Lopez and Morrison were part of what is sometimes called "the New Federalism," a series of Supreme Court opinions on various topics (especially the 10th and 11th Amendments) that limited federal power. Reconciling the New Federalism cases with the New Deal gestalt was a central preoccupation of constitutional scholarship in the 1990s. Many interpretations were possible, but the prevailing view was preserved the basic idea that Congress power was almost unlimited, subject only to a series of carve outs. A central metaphor expressed this idea as an ocean of federal power dotted by a few isolated islands of state sovereignty. This metaphor preserved as much of the gestalt view of the New Deal cases as possible. Lopez and Morrison were limited to cases in which Congress enacted laws that were targeted soley at noneconomic activity; Congress unlimited authority to regulate any activity that was economic in nature. This revised version of the gestalt was reinforced by the Supreme Court's decision in Gonzales v. Raich, which upheld the application of the Controlled Substances Act to possession of marijuana that was home grown for medical use and which never crossed state lines. Some commentators believed that Raich represented a return to the principle that Congress had plenary and unlimited legislative powers, but the Court itself did not overrule Lopez and Morrison or express disapproval of those decisions.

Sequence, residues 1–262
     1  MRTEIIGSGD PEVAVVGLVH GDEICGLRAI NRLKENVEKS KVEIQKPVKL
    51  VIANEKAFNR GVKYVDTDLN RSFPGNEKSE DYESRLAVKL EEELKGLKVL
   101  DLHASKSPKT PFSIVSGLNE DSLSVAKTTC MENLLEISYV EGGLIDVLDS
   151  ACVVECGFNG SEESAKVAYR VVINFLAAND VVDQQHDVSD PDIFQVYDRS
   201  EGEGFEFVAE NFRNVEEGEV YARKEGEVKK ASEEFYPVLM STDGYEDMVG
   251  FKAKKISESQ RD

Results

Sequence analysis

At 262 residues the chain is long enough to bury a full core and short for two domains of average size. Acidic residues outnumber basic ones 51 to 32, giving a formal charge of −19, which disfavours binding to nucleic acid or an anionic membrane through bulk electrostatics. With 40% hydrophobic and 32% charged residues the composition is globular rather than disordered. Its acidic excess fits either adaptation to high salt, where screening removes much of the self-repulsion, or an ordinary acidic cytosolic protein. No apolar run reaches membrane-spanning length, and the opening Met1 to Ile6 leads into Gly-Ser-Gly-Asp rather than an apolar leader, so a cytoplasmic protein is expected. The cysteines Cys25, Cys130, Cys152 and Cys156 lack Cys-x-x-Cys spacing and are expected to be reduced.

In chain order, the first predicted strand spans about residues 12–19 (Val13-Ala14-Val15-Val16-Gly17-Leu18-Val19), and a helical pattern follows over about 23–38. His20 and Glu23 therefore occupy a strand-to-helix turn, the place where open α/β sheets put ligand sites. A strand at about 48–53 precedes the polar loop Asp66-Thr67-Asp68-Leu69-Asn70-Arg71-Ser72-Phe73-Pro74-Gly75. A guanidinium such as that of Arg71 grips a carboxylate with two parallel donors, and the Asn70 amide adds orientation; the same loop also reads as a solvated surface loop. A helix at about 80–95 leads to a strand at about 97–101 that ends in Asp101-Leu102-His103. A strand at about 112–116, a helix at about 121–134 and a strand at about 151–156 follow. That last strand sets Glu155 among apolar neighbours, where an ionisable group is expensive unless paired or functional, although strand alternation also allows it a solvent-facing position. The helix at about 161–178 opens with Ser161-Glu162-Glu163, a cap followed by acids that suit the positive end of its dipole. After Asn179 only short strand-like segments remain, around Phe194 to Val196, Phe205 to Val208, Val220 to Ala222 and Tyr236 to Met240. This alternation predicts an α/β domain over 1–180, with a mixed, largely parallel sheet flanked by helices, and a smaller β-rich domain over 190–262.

That brings us to the litigation over the Affordable Care Act. Most of the academic community was committed to some version of the prevailing gestalt view of federal power. Some believed in unlimited and plenary congressional power. Others believed that the power was virtually unlimited, subject to a minor exception (details varied) for Lopez and Morrison. If you were committed to the gestalt as your mental picture of the constitutional doctrine, then the challenge to the individual mandate was radically implausible and might even be characterized as frivolous.
Nonetheless, the lawsuits against the individual mandate did not meet with unanimous rejection by the federal courts. Instead, a number of federal judges decided that the individual mandate was unconstitutional. The key moment was the decision of the 11th Circuit to strike down the mandate: that decision meant that the United States Supreme Court would hear the constitutional questions, although there was always the possibility that the Court might be able to duck the merits. At this stage of the game, the prevailing view was that the Court would almost certainly uphold the mandate if it reached the merits. Many commentators predicted an 8-1 decision, with Justice Thomas dissenting on originalist grounds. From the point of view of the prevailing gestalt, Thomas was simply an outlier, because he did not accept the New Deal Settlement and instead endorsed a pre-New-Deal vision of real and substantial limits on Congress's enumerated powers.